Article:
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Breaking the mould: Europe offers new manufacturing tools to the market

A consortium of German and Austrian engineers from industry and academia has found a way to incorporate heating systems into moulds, effectively eliminating a costly step in the manufacturing process and potentially saving time and money on the factory floor.

Moulding is an important tool in the manufacturing toolbox. Plastic, one of the most valuable manufacturing materials, actually takes its name from the Greek meaning ‘to mould’ – but glass, metal and ceramics can be moulded too. There are three basic steps to the process: first, the feedstock – plastic granules, for example – is heated until it is pliable. Next it is extruded and placed into contact with the solid mould. Finally, it is cooled so that it sets hard, or ‘cures’.

But there is a problem here; pushing a material to a very high temperature and then reducing it down to a very low temperature is time consuming and energy intensive, making an otherwise simple process difficult. This issue was recognised several years ago by engineers in Germany and Austria, who came together at the initiation of Austrian SME ALPEX Technologies GmbH. Because the partners were based in more than one country, finding funding was a challenge - but in 2009, after some initial groundwork, they received support from the EUREKA Network to pursue what they thought might be a solution: heating and cooling systems incorporated into the moulds themselves. All partners were supported by national funding bodies in their respective country (see info-box).

Heating up

ALPEX joined forces with powerful partners like the Airbus Group and Bundeswehr University Munich, as well as three other SMEs based in Germany: Neue Materialien Bayreuth GmbH, Quickstep GmbH and Schmuhl Faserverbundtechnik GmbH & Co. KG.  Together they delivered the SPRAYFORMING project, which was conducted within the remit of EUREKA’s manufacturing Umbrella PRO-FACTORY. Its aim was to capitalise on the benefits of thermal spraying to create novel resource-efficient moulds for use with plastic. Thermal spraying allows parts – metal moulds in this case – to be fabricated using sprayed droplets of material, and therefore opens up the possibility of metal moulds with heating and cooling elements right beneath the surface.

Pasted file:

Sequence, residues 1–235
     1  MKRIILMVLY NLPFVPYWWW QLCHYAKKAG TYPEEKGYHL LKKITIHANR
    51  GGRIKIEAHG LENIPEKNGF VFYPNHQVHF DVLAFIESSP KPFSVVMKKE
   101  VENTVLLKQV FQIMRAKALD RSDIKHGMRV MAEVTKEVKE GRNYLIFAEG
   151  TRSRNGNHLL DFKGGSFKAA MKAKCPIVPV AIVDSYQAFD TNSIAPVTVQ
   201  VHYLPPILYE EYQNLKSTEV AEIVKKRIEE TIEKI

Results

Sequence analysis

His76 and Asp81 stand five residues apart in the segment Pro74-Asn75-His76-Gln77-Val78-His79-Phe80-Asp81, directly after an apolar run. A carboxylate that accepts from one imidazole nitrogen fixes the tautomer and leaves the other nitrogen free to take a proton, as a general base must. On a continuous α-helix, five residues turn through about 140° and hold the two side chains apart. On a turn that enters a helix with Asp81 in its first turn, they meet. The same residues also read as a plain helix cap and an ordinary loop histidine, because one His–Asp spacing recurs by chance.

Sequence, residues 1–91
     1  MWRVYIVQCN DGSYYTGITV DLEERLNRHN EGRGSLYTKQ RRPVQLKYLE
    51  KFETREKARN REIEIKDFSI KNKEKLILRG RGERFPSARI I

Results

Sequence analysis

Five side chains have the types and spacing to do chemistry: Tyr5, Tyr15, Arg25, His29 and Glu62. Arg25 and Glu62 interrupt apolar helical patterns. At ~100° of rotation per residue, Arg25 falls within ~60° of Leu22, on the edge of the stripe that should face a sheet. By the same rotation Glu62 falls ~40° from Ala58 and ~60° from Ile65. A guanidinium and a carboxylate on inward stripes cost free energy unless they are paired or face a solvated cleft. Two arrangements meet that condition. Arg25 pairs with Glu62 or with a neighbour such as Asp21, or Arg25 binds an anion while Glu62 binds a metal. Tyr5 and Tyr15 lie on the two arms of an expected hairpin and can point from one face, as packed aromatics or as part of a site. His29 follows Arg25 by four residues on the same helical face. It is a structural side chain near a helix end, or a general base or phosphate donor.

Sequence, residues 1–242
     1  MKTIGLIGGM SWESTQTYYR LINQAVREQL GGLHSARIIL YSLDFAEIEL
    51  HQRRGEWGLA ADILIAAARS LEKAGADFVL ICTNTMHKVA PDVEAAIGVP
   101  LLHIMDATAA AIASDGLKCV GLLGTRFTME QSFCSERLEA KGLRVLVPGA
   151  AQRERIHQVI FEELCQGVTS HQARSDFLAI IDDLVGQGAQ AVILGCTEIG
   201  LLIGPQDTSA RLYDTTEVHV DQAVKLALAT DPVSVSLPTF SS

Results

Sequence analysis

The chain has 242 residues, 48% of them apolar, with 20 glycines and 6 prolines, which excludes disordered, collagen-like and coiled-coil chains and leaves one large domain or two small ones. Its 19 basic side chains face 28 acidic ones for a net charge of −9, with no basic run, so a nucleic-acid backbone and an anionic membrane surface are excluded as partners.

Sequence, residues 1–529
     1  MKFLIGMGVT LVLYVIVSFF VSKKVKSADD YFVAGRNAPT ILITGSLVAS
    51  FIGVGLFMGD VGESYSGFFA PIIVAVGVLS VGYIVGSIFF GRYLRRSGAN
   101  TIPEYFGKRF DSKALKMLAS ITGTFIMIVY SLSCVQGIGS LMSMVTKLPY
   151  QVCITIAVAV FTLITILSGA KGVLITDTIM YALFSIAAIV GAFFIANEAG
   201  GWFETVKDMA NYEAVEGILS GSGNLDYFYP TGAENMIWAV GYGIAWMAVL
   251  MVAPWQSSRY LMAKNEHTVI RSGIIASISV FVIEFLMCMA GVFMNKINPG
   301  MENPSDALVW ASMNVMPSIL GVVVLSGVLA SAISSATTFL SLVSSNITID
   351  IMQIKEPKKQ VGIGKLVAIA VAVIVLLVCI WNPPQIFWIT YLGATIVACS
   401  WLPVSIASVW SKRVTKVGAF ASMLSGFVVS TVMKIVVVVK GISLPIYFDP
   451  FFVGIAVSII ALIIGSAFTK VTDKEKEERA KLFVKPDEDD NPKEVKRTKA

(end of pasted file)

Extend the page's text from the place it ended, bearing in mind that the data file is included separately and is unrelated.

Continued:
"SPRAYFORMING was a consortium of highly competent partners." – Mag. Bernhard Rittenschober

Work on the project was divided into five work packages, each tackled by one of the industrial partners. ALPEX, however – despite being one of the smaller companies involved – took a leading role, developing base models, mould materials and milling of master models for the metal moulds, as well as computer-assisted design interfaces for controlling manufacture. They also set up test programs and trials together with the robot supplier, and completed the engineering and manufacture of the moulds. Mag. Bernhard Rittenschober was Project Manager for ALPEX at the time, and recalls the positive atmosphere in which the collaboration was conducted: “I enjoyed work in the consortium very much. As is often the case with research projects, I met nice people and had a good time both in working together as well as intercultural exchange. SPRAYFORMING was a very friendly consortium of highly competent partners.”

“This was a very positive project where all partners learned a lot”, recalls Dipl. Ing. Dietrich Jonke, Airbus’ representative on the project. “We at Airbus – who were simultaneously the project leaders and the end-users – benefitted immensely, building a better mould and getting an insight into the technology involved.” Going forward, aeronautics manufacturers like Airbus are likely to rely increasingly heavily on moulded carbon fibre-reinforced plastic as a material that offers unbeatable toughness by weight. The project partners therefore expect that interest in their novel moulding tools will grow in the near future, expanding beyond its current use within Airbus to serve other manufacturers working with plastic.

Overall, this was a project that produced real advances in both near-market and fundamental science – and its results caused widespread excitement in the industry. “The technology we developed is still spreading through the world of carbon composites. Customers, development partners, and universities regularly contact us about the technology, and are interested in the outcomes or the applications.” What is more, several new co-operations based on the dissemination and distribution of this developed additive manufacturing technique have been initiated since the completion of SPRAYFORMING. “This project gave ALPEX a lead in technology which we will now use in future development”, Rittenschober summates.

 

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